It's a family affair. Her daughters and sons cook, serve and clean. On occasion the little grandchildren drop by. I think the word is cute. It's really like spending time in a family home, it doesn't feel like a Formal Restaurant™. You wouldn't come dressed in opera wear.

It's not a dive, but it's suitably intimate, seven or eight tables, perhaps seating 25 inside, and a dozen out on the patio when the weather is right as it often is on this side of the San Francisco Bay. You get the red, gold and green painted exteriors, you get some batik prints. Was there a mask or two? Above all you get food from the Grandmotherland. Glorious Cameroonian cuisine is what you get. Ambiance and comfort are the fringe benefits.

Ethnic food in the Bay Area is mostly Asian (Chinese, Korean, Indian, Indonesian) and obviously the ubiquitous Mexican. African food is represented by the numerous Ethiopian restaurants, their delicate civilization having a strong presence in these parts. Of course there's much more to African food and culture than Ethiopia and slowly that awareness is seeping into the public consciousness.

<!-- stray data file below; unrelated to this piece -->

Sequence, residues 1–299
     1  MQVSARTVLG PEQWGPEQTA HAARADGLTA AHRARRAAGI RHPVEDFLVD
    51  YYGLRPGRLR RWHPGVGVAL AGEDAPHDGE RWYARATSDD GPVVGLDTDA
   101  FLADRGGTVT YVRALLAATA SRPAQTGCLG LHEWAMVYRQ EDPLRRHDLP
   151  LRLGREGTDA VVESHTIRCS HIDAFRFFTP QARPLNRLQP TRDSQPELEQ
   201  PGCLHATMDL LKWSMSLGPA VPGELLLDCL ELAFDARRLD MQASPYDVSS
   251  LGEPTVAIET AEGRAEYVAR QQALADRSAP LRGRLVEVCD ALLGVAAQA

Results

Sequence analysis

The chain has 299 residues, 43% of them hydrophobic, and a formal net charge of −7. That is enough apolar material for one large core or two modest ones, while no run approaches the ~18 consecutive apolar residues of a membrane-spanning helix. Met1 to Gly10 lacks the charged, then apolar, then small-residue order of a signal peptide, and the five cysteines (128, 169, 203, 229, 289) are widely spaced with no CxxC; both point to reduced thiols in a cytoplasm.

We live near the Gourmet Ghetto in Berkeley, home to Chez Panisse and 15 or so restaurants. World-renowned, haute cuisine, Californian New World fusion cuisine with complicated ingredients - typical descriptions read like a Restoration Hardware label. You know what I mean: the expensive wines, the high snob quotient, the feel-privileged factor. Your mileage may vary but colour me unimpressed. When I need soul as I often do, living as we do in the midst of God's own people, I like to head out to our people, my people. I try to support the burgeoning West African community. There's Ghanaian Tropical Paradise down the street and, ever since I discovered it in the new year, there's A Taste of Africa.

Thus you might find me there on certain lazy weekend afternoons, sporting my fresh haircut from the nearby barbershops (I have to cross over to the Oakland side of things to get the right hair treatment), sipping on a glass of their homemade ginger delight drink (the last time, I almost declaimed spontaneous poetry in appreciation), chatting with all and sundry, or perhaps quietly reading a novel as the whim might take me. I'll be there taking in the atmosphere, nodding to the music as the family get to work, conjuring up the meals. They chat amongst themselves with the back and forth and intimacy that comes from knowing. It's the easy familiarity of, well, a family.

This is not fast food, it's homemade and unhurried, prepared with care. The menu is only a guideline, a starting point for a conversation. Ask for whatever is good that day. The menu alternates and Ma will cook whatever is her fancy.